Sunday, June 26, 2011

The Churches of Christ and Homosexuality


An Introduction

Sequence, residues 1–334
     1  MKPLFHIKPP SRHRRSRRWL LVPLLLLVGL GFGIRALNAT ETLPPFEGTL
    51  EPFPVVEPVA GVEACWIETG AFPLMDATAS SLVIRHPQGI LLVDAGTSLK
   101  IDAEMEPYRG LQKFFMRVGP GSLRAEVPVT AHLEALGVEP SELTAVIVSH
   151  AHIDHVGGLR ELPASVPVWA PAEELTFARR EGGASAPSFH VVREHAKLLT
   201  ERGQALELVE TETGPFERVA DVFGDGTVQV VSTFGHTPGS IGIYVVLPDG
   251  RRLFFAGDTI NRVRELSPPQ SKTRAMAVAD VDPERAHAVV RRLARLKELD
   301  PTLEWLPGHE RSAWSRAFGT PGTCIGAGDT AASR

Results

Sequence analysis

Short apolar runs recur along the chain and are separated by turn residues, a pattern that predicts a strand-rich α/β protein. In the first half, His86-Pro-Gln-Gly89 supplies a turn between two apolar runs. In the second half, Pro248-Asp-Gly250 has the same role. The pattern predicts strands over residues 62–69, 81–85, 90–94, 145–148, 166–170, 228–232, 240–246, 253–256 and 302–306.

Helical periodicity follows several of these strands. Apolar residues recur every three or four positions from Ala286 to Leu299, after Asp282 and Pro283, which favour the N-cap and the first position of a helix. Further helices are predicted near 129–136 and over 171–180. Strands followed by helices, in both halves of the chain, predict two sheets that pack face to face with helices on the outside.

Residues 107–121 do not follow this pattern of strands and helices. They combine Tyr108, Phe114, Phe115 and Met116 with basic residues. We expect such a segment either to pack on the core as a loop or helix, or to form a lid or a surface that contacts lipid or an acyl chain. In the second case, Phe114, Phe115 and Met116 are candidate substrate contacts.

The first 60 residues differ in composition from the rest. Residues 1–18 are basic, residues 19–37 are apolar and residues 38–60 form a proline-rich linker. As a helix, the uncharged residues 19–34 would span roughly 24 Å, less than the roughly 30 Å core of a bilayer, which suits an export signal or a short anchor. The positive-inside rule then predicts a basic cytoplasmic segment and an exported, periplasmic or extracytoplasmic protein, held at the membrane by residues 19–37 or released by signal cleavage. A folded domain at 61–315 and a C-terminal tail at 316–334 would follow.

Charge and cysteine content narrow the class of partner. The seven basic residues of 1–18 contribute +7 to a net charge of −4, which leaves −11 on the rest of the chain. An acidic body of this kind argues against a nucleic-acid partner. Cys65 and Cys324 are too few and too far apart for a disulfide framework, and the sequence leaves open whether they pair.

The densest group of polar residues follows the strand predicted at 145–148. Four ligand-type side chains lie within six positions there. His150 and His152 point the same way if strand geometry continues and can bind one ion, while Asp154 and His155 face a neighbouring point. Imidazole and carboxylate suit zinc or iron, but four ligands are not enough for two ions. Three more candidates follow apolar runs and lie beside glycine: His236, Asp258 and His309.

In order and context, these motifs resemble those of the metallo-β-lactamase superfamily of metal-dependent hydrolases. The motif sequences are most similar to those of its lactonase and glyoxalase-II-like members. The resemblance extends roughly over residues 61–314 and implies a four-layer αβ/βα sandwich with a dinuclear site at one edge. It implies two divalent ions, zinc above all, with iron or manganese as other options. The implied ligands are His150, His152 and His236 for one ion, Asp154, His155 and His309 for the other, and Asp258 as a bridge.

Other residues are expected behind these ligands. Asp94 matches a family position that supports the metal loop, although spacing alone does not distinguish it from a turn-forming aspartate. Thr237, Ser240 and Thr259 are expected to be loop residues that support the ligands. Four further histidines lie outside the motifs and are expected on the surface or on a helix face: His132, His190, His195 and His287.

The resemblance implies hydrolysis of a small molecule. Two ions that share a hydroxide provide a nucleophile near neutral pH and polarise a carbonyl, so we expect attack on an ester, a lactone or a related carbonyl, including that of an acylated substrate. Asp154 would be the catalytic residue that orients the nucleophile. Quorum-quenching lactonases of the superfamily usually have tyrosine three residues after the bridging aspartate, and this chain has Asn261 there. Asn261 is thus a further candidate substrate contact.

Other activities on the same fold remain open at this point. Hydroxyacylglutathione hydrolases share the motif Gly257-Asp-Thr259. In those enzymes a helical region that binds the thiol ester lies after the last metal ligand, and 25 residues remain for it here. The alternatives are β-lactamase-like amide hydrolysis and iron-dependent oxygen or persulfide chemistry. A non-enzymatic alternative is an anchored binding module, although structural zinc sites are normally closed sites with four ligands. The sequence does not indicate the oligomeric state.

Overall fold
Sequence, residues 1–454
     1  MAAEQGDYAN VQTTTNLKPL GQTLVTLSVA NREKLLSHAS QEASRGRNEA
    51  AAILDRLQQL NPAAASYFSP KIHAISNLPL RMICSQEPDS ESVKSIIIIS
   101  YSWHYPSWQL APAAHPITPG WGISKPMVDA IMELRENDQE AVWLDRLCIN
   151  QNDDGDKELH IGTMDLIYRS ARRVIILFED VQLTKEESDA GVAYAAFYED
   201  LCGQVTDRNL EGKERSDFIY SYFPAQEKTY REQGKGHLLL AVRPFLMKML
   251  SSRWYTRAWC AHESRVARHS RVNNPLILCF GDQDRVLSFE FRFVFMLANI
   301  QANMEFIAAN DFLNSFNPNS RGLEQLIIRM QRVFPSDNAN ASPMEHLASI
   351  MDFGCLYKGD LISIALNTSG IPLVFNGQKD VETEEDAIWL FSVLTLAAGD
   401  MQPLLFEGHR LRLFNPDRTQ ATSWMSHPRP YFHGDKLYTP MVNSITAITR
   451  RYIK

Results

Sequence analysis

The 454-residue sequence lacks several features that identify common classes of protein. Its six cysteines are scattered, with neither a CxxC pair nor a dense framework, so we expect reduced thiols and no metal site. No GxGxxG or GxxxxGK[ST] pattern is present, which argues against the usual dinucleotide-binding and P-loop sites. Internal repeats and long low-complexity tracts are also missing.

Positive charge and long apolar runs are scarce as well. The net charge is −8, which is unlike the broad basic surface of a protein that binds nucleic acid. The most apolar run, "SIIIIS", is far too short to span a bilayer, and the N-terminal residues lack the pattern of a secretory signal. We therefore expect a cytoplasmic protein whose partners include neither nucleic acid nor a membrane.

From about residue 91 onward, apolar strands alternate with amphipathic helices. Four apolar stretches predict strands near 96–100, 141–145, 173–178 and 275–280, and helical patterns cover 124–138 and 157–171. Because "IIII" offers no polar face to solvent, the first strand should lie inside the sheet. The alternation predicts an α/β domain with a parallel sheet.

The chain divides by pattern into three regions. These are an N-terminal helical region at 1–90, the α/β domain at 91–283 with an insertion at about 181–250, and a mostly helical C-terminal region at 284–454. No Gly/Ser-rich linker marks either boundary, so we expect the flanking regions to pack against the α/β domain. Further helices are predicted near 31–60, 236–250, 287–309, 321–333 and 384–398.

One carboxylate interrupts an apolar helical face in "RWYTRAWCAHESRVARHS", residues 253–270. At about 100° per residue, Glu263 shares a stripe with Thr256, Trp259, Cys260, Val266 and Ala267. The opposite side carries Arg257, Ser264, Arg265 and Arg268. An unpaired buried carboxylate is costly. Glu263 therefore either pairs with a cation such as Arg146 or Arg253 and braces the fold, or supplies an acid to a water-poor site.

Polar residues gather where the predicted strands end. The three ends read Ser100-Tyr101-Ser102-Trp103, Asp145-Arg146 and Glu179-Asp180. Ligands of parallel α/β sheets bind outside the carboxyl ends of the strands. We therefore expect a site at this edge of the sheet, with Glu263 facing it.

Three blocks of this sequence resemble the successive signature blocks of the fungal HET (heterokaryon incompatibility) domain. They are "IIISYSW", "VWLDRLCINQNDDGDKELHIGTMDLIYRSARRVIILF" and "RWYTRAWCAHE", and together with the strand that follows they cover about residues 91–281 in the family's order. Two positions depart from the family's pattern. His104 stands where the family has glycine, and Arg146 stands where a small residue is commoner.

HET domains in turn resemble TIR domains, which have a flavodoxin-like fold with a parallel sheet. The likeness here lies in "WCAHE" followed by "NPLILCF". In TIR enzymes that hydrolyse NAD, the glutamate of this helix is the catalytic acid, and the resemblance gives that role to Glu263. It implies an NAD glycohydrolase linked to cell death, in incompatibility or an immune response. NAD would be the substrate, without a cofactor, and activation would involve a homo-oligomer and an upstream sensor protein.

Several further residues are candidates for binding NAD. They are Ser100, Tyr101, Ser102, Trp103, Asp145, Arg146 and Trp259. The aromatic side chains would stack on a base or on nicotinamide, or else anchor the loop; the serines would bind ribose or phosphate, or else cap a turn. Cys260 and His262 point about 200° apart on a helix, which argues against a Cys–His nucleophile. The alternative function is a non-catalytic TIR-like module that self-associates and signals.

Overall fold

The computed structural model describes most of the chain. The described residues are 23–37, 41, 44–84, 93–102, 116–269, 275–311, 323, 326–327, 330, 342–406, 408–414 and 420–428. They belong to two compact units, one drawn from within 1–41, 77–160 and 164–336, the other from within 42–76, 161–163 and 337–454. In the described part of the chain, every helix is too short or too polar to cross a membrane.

A friend recently sent me two articles from the New York Times about homosexuality and religion.  These articles were published in print in the Sunday Magazine (pg. MM30) on June 19, 2011.  More about that later, but it made me think back on the struggles that I faced (and to some extent still do) about my own Christianity and homosexuality.  I am a member of the Churches of Christ.  Most people consider it to be a very conservative church.  Churches of Christ are autonomous Christian congregations associated with one another through common beliefs and practices. They seek to base doctrine and practice on the Bible alone, and seek to be New Testament congregations as originally established by the authority of Christ.  When I began to become aware of my sexual orientation, I began to question also what it would mean to be gay and Christian.  Not everyone who comes out has this struggle, but if you grew up in a religious family, then this is a very vexing question.  I began to look for resources online.  Was there a support group for gay members of the Church of Christ?  How did the church receive homosexuals?  What would other members of the church think if they knew I were gay?  What should I do?  What does the Bible say about homosexuality?  It was all very confusing and also difficult to find answers related specifically to the Church of Christ. One reason for this is if you Google homosexuality and the Church of Christ, then you are likely to come up with a wide range of sources for the United Churches of Christ.  So I had to dig deeper.  Ten years ago there were plenty of sites for larger church organizations, but really nothing for the Church of Christ.  Even today there is still very little out there.  There are several references to a a group called the A Cappella Chorus, a group formed in 1979 by gay and lesbian members of the Houston area Churches of Christ as a fellowship to provide educational and spiritual support to each other and the Church as a whole.   According to the information I found: “Since [1979], additional fellowships have formed in many large urban centers. Named an A Capella Chorus because most congregations of our fellowship have no instrumental music, the organization also serves as a network for gay people in small towns and rural areas." However, I cannot find anything current on this group other than a few anti-gay rants by members of the Church of Christ from 1986.  Apparently there were "chapters" in at least four cities: Houston, Los Angeles, Seattle, and Tampa, and they published a monthly newsletter.  If they are still out there, I can’t find them on the internet, and this was the closest I came to finding a group of GLBT church members, other than rumors of a Gay/Straight Alliance at Pepperdine University and a group of GLBT Harding University alumni who wrote The State of the Gay at Harding University published through a group called HU Queer Press.  According to HU Queer Press: